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JLHPROF

$35 Million to buy the printers manuscripts of the BOM

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1 hour ago, MDalby said:

If there was one CoC asset that I would want the most, it would be the Red Brick Store in Nauvoo.  Along with the Kirtland Temple, that site may be the most important historical site due to the events that occurred in that building.

 It's not owned by CoC but the temple lot is the ultimate real estate from the Church's perspective. 

Of course I doubt the Church will ever get it. Nor am I sure I want them to get it just yet, given the prophecies and traditions of the lot. 

Edited by clarkgoble

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1 hour ago, Calm said:

The last two updates either dumped a lot or cut links.  Old rep points I think got erased in the system change, for example.  Searches aren't pulling up old stuff.  No need to hold on to that stuff except for the occasional reminding of who said what on a thread, but .i wonder if it is there and we just can't access it through search or if it is really gone.

add-on:

http://www.mormondialogue.org/profile/16906-bookofmormonluvr/?do=content&type=forums_topic_post&change_section=1

I don't see anything he might have gotten banned for.  Don't remember either as I see him as a mellow poster.  He probably just got busy in life.

If you go to "search content" in a profile, you need to hit "posts" on the left hand menu.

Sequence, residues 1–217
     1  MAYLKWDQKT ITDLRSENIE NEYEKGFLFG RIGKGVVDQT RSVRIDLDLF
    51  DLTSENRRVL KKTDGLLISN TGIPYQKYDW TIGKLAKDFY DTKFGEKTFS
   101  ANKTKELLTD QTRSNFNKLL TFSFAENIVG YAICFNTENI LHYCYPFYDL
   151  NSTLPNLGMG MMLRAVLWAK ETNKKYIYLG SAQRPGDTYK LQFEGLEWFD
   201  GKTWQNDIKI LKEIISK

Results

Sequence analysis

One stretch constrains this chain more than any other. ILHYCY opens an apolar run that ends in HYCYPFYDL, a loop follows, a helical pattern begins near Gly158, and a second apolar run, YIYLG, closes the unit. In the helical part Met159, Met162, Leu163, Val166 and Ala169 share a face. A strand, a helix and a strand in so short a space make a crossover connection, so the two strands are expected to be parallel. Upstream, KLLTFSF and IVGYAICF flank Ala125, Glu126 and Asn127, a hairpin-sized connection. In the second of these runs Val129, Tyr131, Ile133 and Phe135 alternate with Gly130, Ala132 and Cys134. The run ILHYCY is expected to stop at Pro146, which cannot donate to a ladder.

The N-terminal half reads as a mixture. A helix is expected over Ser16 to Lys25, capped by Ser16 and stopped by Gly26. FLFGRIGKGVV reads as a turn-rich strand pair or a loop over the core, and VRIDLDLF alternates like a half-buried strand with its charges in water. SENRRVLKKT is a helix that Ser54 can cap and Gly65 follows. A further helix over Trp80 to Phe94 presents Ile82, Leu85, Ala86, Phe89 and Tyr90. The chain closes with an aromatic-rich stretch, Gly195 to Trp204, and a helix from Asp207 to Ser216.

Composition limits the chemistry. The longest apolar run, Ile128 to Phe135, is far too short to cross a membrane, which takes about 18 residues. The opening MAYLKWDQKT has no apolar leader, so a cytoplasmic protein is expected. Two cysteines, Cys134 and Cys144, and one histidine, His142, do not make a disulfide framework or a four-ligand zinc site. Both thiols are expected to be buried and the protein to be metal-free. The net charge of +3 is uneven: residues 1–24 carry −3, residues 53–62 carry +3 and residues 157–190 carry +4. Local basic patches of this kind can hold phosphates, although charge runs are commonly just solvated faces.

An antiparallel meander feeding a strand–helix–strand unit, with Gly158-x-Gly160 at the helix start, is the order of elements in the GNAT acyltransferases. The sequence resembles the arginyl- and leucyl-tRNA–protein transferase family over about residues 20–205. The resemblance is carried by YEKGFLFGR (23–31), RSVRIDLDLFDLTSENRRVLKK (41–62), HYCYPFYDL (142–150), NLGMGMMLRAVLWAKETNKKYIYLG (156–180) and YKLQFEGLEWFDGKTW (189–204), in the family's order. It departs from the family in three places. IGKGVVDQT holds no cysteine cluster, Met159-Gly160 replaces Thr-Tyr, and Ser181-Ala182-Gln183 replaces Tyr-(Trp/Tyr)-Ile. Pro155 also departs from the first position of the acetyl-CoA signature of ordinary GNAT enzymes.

Ah ha!  I guess I have something to learn about the board software.

On the other hand, it won't let me update my profile, beyond changing my avatar.  

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9 minutes ago, Stargazer said:

Ah ha!  I guess I have something to learn about the board software.

On the other hand, it won't let me update my profile, beyond changing my avatar.  

Love this avatar, btw.

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1 hour ago, clarkgoble said:

 

Edited by MDalby

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3 hours ago, Calm said:

Love this avatar, btw.

Thanks! I was getting tired of the radio telescope.  Maybe later I will change Hubble for the James Webb.

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15 hours ago, rockpond said:

We've done plenty of things that He later told us to reverse.  I have no reason to believe that He was involved in this particular decision.

It doesn't really strike me as something Christ would support.  Others likely differ in opinion.  OTOH, we could look at it as extending a lifeline to the Community of Christ.  And that's not a bad thing.

The Lord certainly supports and  approves of freewill offerings (as opposed to the commanded tithes and offerings). There are several references to it in the Old Testament.